By Barbara Mitchell
HR Expert and Co-Author
The Essential HR Handbook
Sometimes I think that HR professionals are so introspective that we miss what is happening around us.
We have been focused on being more strategic and “getting a seat at the table” for so long that we may have missed the bigger issue.
To get on track for 2012, I believe HR professionals need to ask themselves:
- Can I participate with understanding discussions around my organization’s business objectives?
- Do I constantly look for ways to improve my organization’s productivity through better labor utilization, technology, or other measures?
- Do I anticipate challenges?
- Do I ask the right questions to help my organization meet its mission?
- Do I lead change when necessary?
The Future of HR and Effective Organizations
I am not alone. In their June 2011 report, The Future of HR and Effective Organizations HR researchers John Boudreau and Ian Ziskin say they believe HR’s reason for being is to make people and organizations more effective.
“This will not change in the future,” they insist. “However, it’s clear that HR needs to find ways to do its work faster, with less bureaucracy, and more business relevance. HR’s aspirations do not yet fully align with its ability to deliver.”
At the same time, the researchers believe that HR professionals must acknowledge that the bar keeps getting raised.
“HR is indeed improving and developing its capabilities, but the expectations about what HR can and should deliver are also getting bigger, in possibly unrealistic ways; in addition, the consequences of not delivering are also getting tougher and less forgiving,” the researchers write.
And so, they offer the results of an ongoing initiative by the Center for Effective Organizations (CEO) to understand the future of HR, and in particular its relationships within effective organizations in dynamic environments.
“We began with the premise that over the next five to 10 years, the future of HR work (specifically) and effective organizations (more broadly) will in many ways be quite different,” they explain. “We brought together dozens of HR leaders over the past few months to get their counsel on the issues and trends they note in their everyday work, and we took a careful look at current writing about the future of HR, as well as several current initiatives that seek to define or influence that future.”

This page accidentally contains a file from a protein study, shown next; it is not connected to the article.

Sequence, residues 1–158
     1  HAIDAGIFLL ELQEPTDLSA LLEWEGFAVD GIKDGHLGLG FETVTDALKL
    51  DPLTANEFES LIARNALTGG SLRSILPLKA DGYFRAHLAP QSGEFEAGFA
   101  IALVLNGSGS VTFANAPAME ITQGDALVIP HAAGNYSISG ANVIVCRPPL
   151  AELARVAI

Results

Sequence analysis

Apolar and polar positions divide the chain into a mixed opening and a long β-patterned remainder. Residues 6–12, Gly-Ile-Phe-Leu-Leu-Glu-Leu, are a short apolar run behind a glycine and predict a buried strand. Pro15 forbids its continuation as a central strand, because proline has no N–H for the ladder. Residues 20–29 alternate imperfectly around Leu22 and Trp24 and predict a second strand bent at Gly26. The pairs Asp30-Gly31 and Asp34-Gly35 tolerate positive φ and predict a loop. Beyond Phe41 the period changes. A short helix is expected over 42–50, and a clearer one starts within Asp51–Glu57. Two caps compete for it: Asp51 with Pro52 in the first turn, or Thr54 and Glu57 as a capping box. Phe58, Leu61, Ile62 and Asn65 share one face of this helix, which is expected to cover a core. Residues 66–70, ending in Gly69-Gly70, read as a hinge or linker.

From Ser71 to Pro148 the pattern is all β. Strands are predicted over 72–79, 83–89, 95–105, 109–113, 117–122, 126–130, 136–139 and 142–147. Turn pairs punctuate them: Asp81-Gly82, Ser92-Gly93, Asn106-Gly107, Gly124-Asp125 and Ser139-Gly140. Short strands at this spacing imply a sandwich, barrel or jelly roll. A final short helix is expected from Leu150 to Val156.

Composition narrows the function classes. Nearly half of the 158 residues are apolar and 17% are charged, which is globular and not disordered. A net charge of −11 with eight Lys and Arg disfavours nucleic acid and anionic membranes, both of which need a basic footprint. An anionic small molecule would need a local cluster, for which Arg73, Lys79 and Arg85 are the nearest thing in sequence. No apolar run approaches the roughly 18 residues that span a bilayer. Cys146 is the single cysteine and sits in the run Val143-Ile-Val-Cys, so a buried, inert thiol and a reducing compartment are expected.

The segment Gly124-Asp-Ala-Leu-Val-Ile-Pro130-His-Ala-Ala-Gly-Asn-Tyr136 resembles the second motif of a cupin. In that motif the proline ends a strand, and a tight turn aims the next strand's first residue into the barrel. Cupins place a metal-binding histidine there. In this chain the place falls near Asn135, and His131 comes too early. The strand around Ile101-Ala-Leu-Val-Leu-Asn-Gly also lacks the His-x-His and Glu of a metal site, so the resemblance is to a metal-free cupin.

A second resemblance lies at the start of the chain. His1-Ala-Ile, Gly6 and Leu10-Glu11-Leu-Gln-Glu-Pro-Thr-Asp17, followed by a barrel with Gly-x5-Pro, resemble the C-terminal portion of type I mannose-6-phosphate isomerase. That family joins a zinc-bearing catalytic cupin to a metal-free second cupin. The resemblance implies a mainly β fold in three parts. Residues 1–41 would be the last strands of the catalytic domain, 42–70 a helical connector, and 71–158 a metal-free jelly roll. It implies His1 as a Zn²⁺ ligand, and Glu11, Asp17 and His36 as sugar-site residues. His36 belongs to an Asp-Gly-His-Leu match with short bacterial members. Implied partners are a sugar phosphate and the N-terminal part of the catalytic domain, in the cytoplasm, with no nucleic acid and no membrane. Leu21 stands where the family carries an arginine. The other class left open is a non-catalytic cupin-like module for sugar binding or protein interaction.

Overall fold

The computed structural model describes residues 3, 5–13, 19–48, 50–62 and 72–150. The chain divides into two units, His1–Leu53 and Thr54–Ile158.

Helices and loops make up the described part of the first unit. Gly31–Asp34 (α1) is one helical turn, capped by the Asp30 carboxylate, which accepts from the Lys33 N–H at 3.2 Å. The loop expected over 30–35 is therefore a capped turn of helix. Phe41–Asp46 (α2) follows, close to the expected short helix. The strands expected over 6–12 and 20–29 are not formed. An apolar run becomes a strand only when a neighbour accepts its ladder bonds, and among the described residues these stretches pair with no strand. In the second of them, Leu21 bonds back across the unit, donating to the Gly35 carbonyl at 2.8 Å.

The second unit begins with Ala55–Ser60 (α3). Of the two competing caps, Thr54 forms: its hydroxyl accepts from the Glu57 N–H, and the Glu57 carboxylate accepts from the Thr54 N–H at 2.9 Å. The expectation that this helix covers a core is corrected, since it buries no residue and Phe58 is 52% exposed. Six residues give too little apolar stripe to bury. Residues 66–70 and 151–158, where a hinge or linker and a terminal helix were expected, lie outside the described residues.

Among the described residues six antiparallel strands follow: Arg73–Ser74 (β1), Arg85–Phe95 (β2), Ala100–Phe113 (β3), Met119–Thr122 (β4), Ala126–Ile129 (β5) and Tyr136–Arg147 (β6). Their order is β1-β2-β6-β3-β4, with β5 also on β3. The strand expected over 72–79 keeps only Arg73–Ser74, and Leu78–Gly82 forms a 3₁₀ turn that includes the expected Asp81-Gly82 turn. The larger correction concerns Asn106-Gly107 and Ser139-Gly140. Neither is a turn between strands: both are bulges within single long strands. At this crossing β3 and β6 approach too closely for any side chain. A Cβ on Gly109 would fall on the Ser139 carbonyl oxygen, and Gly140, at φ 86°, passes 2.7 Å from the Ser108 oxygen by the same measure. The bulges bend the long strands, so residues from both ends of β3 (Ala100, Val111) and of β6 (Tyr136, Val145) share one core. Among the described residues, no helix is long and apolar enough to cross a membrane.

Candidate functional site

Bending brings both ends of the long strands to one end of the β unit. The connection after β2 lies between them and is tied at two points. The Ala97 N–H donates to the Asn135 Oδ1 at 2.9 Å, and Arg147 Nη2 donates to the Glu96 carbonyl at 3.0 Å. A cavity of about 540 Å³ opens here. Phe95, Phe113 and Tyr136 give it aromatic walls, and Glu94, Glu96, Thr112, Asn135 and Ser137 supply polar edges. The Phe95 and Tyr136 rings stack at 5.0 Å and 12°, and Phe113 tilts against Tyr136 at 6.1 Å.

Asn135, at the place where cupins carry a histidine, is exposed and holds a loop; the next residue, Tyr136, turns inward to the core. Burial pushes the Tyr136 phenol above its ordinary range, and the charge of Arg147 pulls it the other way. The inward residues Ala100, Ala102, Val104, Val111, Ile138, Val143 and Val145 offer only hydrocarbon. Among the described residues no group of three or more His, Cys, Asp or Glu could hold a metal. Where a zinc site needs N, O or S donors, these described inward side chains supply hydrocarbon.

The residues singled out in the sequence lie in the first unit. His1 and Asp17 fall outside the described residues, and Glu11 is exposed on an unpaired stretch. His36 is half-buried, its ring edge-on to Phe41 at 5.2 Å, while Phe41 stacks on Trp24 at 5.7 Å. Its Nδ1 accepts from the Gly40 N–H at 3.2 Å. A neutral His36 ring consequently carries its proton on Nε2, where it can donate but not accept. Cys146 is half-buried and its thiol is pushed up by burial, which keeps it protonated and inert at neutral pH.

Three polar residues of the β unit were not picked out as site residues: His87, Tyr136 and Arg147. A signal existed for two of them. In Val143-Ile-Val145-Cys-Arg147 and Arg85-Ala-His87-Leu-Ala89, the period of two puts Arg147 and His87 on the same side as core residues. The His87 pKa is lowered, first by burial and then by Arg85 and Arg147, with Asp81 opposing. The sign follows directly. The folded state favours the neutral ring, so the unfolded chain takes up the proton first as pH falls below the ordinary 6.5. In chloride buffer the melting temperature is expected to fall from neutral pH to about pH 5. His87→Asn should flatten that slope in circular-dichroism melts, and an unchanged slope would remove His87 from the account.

They are not alone.
Ed Lawler, director of the Center for Effective Organizations, and professor at the University of Southern California, says that HR needs to encourage organizations to invest in talent, lead using metrics and data, and commit to innovation.
“This means we have to get ourselves up to date on what technology can do to make us more effective and to really ramp up how we use metrics,” he says. “HR professionals have a wonderful opportunity in the upcoming year to lead the changes necessary in our organizations as we look to be more productive.”
Lawler suggests we get back on track by asking ourselves some tough questions:
1. Are you making the best use of social media sites to recruit?
2. Are you investigating opportunities for using mobile technology to connect with our employees?
3. What are you doing to ensure our organizations have the right people in place to take advantage of changes in the markets you serve?
4. How well do you really know the business that you are in? Click here for more.
The Bottom Line
I am confident that if we begin to answer all of these questions, and really focus on what we need to do in 2012, we will be on track for years to come.
About Barbara Mitchell
Mitchell is a human resources and organization development consultant who is widely known in the areas of recruitment and retention. She has experience in both for-profit and not-for-profit sectors and has consulted for a variety of organizations around the world.
She served in senior human-resources leadership positions with Marriott International and several technology firms in the Washington, DC, area before co-founding the Millennium Group International, which she sold in 2008.
Mitchell is a graduate of North Park University in Chicago, with a degree in History and Political Science. Contact Mitchell by email.